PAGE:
As someone who earns his living from coaching the game of cricket, before 1963 I would have been a “Player“, who used a separate changing room, probably ate lunch apart from the Gentlemen, and would have been listed on scorecards as Beaven A. R. (or, indeed, as “Teesra T[he]”), not A.R. Beaven.
Archaic, in the 21st Century, surely?
Perhaps – but does the distinction between “Gentlemen” and “Players” still persist in 2016?
Recently I coached a public schoolboy, who was keen to develop a more robust range of strokes in anticipation of an impending contest with a school master – the Director of Cricket at his school, referred to simply as “Smith” (name changed), not “Mr Smith” (as I might have referred to a school master), not “Smithy”, nor by any other nickname the player might have gone by during his illustrious, international playing days.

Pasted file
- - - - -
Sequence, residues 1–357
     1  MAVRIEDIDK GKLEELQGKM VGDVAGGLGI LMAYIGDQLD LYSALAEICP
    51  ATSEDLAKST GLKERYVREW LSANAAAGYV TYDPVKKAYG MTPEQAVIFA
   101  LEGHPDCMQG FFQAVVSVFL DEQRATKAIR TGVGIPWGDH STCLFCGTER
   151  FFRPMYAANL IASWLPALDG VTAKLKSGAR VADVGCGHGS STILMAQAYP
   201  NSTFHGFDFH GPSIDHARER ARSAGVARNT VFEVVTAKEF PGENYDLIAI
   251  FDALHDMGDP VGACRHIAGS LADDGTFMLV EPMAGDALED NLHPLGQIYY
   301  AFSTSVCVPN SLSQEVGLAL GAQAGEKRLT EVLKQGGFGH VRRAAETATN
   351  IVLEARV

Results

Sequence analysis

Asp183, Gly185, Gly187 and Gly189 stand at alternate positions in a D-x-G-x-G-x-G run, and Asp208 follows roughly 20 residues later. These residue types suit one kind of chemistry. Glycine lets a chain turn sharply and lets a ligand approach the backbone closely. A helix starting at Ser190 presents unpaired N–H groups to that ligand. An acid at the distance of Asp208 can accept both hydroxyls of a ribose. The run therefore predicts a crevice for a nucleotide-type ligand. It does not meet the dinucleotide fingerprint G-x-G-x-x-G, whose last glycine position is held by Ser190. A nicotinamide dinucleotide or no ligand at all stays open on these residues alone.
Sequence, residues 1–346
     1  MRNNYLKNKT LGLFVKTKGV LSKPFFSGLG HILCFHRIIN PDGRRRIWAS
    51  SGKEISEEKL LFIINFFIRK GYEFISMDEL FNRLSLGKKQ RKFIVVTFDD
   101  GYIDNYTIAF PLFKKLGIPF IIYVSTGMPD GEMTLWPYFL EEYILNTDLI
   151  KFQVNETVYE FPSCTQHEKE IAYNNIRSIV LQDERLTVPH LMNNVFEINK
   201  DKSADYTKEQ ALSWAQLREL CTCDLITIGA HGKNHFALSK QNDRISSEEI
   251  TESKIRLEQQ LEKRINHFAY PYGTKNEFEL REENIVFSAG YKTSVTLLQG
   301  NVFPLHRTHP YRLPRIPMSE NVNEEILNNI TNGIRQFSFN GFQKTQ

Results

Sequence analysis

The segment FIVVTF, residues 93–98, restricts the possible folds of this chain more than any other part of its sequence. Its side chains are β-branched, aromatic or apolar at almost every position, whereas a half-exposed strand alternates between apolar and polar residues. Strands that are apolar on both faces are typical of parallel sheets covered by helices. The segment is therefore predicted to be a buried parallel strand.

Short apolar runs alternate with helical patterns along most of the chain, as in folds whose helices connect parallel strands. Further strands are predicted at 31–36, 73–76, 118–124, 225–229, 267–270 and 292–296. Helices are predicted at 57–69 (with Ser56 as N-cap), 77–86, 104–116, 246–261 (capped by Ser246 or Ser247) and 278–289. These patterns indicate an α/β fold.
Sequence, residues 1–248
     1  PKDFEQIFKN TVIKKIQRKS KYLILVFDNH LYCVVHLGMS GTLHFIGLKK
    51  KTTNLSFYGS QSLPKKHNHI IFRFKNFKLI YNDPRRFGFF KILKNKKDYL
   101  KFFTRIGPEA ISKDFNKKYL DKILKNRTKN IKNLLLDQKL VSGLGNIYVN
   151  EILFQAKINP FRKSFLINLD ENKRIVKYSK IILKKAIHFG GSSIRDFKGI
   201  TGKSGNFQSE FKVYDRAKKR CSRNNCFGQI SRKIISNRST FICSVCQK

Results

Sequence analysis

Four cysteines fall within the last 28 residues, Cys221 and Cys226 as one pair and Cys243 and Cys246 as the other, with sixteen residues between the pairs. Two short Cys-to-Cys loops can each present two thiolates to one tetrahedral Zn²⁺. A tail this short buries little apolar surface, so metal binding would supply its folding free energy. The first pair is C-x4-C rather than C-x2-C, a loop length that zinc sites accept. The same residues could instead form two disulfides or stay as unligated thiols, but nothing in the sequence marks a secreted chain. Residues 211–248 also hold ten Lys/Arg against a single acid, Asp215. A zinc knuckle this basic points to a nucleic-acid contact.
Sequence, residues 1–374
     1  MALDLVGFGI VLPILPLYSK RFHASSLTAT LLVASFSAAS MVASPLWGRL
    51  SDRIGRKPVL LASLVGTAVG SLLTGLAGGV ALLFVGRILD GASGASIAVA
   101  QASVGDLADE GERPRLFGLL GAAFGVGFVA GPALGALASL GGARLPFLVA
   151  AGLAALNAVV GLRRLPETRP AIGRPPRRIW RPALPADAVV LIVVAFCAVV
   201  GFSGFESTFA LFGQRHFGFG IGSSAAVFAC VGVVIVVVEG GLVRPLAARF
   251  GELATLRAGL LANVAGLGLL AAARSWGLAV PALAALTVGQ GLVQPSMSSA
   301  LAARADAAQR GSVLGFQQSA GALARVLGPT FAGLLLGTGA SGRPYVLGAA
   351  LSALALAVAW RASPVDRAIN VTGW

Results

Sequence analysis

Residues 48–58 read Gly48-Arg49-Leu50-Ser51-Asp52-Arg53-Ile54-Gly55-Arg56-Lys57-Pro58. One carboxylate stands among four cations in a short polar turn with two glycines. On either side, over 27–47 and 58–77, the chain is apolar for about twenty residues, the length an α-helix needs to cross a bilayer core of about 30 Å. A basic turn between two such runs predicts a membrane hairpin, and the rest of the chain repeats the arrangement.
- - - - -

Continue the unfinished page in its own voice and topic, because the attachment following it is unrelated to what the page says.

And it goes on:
It would appear that “Smith” did not receive the honorific “Mr” because he was a professional (small “p”). Not because he was not respected as coach and player; but he was a Player, not a Gentleman.
aside – my appearance in the scorecard reads “nought for plenty off not many”…might have been better to have played under a pseudonym!
Oh, well – don’t do what I do, do what I say!